We've just finished a labour of love for the Phoenix Cinema in East Finchley - famous for being the oldest continuously running independent cinema in the UK, and the place where Mark Kermode went to see the Exorcist, amongst many others. It was one of the delights of living in that area.
So way back in May 2008 I spoke to Paul Homer, the Chief Executive about whether Plot could offer something to them in the way of fundraising help (I was thinking crowdfunding and merchandising ideas at the time.) They were looking to raise money for a complete upgrade at the time. He said they had been thinking of making a timeline of their history, and had been looking at a few graphic ideas for how it could work, but had not settled on a solution. I suggested we did something projected (they're a cinema, so it would work) and then make it from software, so that it's editable and adaptable…
Over a year later, working with the fundraising committee, we've produced a touchscreen timeline, and a physical timeline with parts for local people to sponsor 'tiles' - one tile for each of their 100 years of being open. They have a huge, vocal and loyal clientele, who are keen to support the place. They've also been having their history researched and written by Gerry Turvey.
It's been a huge project for us, nestled in and around our commercial and new teaching commitments. It's pushed us to the limits of what we and also those advisors around us have known. Serendipitous support has come in the form of people publishing tips in forums and the new Wiring library being published at just the times when we needed them.
• The touchscreen timeline was produced using the wonderful Processing language, which gave us an opportunity to really see what it could do. It's remarkably versatile, and could accommodate the British Modern design language we adapted from their architectural features, and the local area. It's a clean look, and works well as a frame for their material, without overwhelming the space it is in. A calm standby screen shows the multitude of sponsors they have had for the redevelopment too.
The content material researched by Gerry, re-written by Eleanor Sier for the screen, images and films sourced within a modest budget. A simple architecture was developed so that people could find the stories fast, and move quickly through the material. The idea was that the staff at the Phoenix could edit the material as they wished, and they could easily add more to the content at a later date.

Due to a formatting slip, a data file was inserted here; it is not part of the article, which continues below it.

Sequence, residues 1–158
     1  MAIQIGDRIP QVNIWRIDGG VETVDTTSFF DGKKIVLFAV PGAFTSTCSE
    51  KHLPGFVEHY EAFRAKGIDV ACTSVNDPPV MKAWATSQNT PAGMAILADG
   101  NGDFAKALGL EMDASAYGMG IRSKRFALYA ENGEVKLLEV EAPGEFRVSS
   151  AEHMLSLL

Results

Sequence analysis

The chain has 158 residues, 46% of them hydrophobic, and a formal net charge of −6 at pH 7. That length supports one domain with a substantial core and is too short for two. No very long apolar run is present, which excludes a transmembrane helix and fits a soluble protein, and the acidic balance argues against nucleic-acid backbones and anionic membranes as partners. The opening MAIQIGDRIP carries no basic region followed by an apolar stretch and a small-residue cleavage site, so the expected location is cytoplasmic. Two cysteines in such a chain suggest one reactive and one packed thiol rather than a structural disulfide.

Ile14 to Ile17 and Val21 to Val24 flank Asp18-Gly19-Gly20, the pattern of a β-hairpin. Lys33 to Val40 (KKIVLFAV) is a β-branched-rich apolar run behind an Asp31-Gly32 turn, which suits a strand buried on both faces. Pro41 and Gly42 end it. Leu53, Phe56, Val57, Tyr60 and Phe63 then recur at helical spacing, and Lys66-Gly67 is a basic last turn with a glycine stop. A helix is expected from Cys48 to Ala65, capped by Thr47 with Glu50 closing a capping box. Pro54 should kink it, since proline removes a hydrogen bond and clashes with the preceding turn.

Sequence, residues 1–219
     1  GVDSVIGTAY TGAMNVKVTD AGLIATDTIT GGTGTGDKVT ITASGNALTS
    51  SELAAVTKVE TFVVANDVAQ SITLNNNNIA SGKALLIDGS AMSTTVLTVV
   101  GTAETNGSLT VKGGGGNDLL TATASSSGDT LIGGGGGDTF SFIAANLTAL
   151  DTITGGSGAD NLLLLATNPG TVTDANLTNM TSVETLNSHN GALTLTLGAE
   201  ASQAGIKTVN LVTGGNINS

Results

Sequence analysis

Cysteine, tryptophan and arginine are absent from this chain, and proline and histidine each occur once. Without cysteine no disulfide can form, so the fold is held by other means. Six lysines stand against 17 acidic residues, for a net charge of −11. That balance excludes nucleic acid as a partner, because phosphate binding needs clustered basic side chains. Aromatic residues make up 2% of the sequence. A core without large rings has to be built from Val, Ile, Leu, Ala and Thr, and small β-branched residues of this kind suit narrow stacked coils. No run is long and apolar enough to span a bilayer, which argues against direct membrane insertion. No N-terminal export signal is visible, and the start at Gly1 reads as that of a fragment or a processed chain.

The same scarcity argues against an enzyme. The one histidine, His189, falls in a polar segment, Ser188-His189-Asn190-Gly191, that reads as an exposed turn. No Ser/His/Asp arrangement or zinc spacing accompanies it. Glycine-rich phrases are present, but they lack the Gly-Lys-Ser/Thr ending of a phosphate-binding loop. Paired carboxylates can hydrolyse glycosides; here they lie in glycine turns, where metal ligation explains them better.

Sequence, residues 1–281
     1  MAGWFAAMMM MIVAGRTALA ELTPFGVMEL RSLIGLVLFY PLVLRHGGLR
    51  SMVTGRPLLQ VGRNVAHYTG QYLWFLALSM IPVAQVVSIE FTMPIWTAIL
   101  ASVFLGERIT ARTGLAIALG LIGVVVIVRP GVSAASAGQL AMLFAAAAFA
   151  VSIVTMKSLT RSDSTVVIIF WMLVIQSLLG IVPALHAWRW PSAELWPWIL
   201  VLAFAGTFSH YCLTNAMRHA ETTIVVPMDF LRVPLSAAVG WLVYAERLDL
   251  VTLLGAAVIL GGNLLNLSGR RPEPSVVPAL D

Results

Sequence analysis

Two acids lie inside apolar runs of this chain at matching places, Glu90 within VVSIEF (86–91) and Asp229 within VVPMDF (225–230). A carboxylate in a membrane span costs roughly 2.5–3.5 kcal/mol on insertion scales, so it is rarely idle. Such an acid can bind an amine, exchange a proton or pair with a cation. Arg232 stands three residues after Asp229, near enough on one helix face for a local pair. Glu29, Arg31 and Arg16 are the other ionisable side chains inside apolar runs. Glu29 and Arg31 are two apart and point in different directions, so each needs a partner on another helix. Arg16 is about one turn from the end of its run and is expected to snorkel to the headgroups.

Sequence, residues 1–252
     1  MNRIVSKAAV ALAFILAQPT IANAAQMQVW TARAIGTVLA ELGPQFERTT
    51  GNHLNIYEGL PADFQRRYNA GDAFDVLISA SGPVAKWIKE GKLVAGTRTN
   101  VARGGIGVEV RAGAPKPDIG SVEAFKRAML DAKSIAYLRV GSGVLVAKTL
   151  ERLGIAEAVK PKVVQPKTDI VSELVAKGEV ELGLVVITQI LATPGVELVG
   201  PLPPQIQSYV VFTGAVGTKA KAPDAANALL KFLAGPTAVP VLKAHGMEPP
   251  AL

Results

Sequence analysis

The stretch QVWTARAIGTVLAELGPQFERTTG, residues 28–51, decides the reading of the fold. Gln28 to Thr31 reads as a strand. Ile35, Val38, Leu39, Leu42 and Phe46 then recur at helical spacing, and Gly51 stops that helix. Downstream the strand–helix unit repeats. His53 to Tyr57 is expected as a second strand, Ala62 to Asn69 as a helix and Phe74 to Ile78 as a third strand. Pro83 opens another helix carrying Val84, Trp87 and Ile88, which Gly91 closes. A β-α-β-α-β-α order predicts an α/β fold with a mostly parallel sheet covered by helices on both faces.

• The Physical timeline was made with acrylic tiles, designed and produced by us and output by Ponoko and RazorLab. Each is laser etched with the name of the sponsor and their favourite film of that particular year. Each of these is bolted onto the wall, and has an led strip bolted onto it at the top, to shoot light down.
Each of the tiles is addressable, and here the activity on the timeline is reflected on the tiles. Press 1926 on the touchscreen, and the 1926 tile lights up! For those who have sponsored the tile, they can show their friends and family where they appear.
It was such a delight to make something like this for a small cinema, which was our local and a good source of well-curated films. So it's a modest thing - not a huge bells and whistles affair - a careful balance to create, not overwhelming the space, and tying the interaction in with the scale of the space.
Nick just amazed me with his dogged persistence to complete the bumpy electronics, despite multiple breakdowns in software and electronics at that scale (8 metres of components), Tim Brooke for his timely advice and a very pivotal piece of code, Jim Donaldson and Amy Wildman for great work, and Paul Homer for his patience when we couldn't get it all complete for their grand re-opening. Te unpredictability of doing these kinds of bespoke things has been a headache and a huge lesson. We know that any of you who have done similar things understand how that works.
So for £500 per tile, there are still a few available. Get yours here.